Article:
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The pretty harbor of La Spezia, from where we set out on our day trip to Cinque Terre

Day 6: Cinque Terre (or Pisa)

When I set up the tour itinerary, I had made Pompeii a mandatory excursion. Pisa I kept as optional, though. About 2/3's of the travelers signed up for it. The other teacher would lead that group, while I took responsibility of the rest. The Pisa group said they had a great time and enjoyed it a lot. For the rest of us, we had discussed what we would do on this free day. One proposal I made early on was to take a day trip to Cinque Terre -- a scenic collection of coastal villages. Hiking paths run along the hills above the villages, and boats cruise the coast. A couple of the adults were leery of the hiking, so we settled on a boat ride which stopped in all the villages. It was a hop on, hop off, ferry schedule. So, we could get off for awhile, check out the village, and then board the next one going up the coast. When we reached Monterosso, we could take the local train back to, where we began in La Spezia. I bought the train tickets the night before, and looked up the ferry schedule online to get an idea of what we were in for.

Cruising along the Italian seacoast
Everything worked like a charm. We caught our first train, and after an hour changed trains in Viareggio. The next one was shorter, and we were soon in La Spezia, the pretty port town where the ferry route began. The tourist information office gave us an updated schedule and map to find the docks. We bought our tickets, and after a short wait, boarded the ferry, the kids selecting the upper deck for the open views on all sides. The day was a beautiful, sunny one. The sea breeze cooled the warm day -- perfect weather for a boat ride!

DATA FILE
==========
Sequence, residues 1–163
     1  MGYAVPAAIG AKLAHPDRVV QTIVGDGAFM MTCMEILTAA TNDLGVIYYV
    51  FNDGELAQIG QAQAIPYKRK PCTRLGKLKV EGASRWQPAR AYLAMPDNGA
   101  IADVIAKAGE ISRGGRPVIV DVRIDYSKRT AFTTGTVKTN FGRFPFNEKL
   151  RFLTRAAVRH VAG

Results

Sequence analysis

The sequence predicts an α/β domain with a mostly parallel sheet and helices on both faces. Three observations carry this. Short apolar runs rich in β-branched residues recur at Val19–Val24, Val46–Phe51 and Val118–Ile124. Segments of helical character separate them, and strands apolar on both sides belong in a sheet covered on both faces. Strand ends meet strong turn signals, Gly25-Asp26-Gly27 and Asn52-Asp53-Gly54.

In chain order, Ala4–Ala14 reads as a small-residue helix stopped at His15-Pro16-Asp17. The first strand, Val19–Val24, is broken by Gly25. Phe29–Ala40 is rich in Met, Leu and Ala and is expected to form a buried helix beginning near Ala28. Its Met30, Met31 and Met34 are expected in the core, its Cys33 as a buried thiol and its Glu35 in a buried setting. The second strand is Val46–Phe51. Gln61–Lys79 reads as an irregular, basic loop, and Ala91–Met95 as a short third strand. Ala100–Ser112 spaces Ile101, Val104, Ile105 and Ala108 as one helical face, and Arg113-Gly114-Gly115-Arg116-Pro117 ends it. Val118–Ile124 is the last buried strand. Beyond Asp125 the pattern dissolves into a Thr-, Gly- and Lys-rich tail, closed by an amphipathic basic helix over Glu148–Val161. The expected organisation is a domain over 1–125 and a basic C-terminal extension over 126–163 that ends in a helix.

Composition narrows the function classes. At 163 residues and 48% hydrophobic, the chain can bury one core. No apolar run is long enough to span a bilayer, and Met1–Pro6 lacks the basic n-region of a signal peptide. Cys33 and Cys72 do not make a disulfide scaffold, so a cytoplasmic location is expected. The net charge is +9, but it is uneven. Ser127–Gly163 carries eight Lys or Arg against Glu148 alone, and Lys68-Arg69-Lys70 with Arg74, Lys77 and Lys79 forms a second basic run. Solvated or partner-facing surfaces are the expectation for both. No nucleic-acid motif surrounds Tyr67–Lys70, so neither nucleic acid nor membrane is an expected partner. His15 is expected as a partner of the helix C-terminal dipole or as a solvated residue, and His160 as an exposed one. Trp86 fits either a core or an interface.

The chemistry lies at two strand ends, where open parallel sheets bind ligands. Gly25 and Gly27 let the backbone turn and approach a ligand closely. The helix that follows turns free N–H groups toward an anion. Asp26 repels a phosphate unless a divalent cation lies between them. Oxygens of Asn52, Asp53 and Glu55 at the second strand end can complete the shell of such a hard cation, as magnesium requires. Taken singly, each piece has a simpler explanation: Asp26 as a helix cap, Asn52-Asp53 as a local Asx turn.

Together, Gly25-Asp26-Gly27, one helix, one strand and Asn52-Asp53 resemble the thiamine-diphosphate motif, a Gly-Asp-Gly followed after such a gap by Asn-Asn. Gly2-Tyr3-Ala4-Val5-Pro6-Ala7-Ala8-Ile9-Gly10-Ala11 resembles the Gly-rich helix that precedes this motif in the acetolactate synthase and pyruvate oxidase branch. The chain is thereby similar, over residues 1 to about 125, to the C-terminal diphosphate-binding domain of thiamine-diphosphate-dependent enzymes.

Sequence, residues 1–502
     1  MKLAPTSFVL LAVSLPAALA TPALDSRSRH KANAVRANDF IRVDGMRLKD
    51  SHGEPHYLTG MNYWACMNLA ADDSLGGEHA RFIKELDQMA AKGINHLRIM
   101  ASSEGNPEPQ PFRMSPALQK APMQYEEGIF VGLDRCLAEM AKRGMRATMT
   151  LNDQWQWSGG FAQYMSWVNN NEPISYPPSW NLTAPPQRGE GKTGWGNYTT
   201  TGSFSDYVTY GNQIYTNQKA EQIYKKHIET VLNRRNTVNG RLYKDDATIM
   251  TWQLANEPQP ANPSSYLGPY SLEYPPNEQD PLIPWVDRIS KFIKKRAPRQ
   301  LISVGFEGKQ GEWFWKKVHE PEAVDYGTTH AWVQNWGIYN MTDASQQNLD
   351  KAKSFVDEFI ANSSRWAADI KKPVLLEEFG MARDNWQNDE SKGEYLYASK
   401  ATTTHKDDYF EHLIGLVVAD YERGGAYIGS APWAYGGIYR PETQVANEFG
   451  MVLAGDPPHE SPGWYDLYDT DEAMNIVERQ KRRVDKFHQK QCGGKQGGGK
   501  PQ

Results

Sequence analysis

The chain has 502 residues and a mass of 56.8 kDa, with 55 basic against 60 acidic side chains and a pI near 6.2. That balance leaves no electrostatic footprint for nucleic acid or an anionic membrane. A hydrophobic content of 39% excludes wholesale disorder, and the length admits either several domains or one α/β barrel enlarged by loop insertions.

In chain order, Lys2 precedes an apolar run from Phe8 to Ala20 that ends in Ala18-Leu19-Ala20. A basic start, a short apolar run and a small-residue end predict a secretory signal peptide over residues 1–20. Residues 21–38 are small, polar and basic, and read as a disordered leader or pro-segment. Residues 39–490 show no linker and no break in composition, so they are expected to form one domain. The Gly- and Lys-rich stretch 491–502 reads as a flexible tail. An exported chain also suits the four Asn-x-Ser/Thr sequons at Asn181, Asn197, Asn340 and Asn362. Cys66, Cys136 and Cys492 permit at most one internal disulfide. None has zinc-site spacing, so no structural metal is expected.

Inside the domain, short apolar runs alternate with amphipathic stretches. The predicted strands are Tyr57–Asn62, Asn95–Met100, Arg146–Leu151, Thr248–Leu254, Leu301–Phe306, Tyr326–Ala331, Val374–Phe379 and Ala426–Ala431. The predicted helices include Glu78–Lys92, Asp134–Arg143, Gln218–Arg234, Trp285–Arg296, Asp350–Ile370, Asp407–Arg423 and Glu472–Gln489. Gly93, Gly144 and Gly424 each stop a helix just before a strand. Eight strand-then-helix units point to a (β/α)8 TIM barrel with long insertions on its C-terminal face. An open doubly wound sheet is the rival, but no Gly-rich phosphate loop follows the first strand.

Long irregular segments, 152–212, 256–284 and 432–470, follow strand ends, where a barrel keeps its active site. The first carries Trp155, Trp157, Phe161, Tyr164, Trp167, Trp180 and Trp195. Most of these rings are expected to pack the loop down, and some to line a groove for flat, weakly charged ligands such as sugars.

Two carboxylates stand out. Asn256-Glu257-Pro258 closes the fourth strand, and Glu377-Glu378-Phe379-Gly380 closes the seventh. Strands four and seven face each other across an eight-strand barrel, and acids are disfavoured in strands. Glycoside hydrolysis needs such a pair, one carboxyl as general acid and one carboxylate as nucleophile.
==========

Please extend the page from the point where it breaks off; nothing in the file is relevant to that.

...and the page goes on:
Churchs and Castles -- or buildings that were a little of both, commanded the coastal hillsides
The cruise along the Italian coast was gorgeous, with steep, green cliffs diving abruptly down to translucent blue waters. Castles and towers staked out commanding views, as did churches. The villages were often hidden in the folds of the hills. As we rounded a corner, they would unfold colorfully in slow motion. Bright yellows, pastel reds and tans, and gleaming white buildings gave each village or town a unique, but related face. It was as if each were a cousin to the other, showing a clear family bloodline in its features, but recognizably different.

Portovenere, named after the Roman goddess of beauty and love, Venus
Our first stop was at Portovenere, a lovely village named after Venus, the Roman goddess of love. We disembarked and walked along the waterfront, looking for a quaint cafe with a breezy view to have lunch. We watched the locals and tourists amble along the walkway, the kids being scandalized by the skimpiness of fashionable Italian swimwear. The yachts of the wealthy caught our eyes, and we settled into our seats enjoying the relaxed pace of Cinque Terre.

Beautiful, Cinque Terre scenery on a sunny day
At the next stop, Riomaggiore, we decided to let the kids wade in the Mediterranean Sea. We followed the rocky path to the rocky beach, and the kids gingerly took off their shoes or sandals to wade in up to their calves. We took some pictures, wondered at how the sunbathers could lay out on rocks and boulders, and then packed up to catch the next ferry. The next village in line, Corniglia, has too steep and rocky of an inlet for the ferry, so we just took pictures as we sailed by. We also did not get off at Manarola, but decided to make a gelato stop at Vernazza.